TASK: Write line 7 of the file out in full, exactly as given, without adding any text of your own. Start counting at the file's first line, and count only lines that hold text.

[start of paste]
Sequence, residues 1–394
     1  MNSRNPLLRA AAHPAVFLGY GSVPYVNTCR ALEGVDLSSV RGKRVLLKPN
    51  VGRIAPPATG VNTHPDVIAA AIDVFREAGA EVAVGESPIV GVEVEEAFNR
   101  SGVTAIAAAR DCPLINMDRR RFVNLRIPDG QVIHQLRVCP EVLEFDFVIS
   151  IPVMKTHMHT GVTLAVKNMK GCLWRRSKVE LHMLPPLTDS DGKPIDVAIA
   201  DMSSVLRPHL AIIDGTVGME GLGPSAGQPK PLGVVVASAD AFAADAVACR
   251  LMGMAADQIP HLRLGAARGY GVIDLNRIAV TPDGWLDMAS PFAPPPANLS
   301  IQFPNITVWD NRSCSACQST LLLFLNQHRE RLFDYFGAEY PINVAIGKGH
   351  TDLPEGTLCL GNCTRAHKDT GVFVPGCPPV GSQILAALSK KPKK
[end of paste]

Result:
   251  LMGMAADQIP HLRLGAARGY GVIDLNRIAV TPDGWLDMAS PFAPPPANLS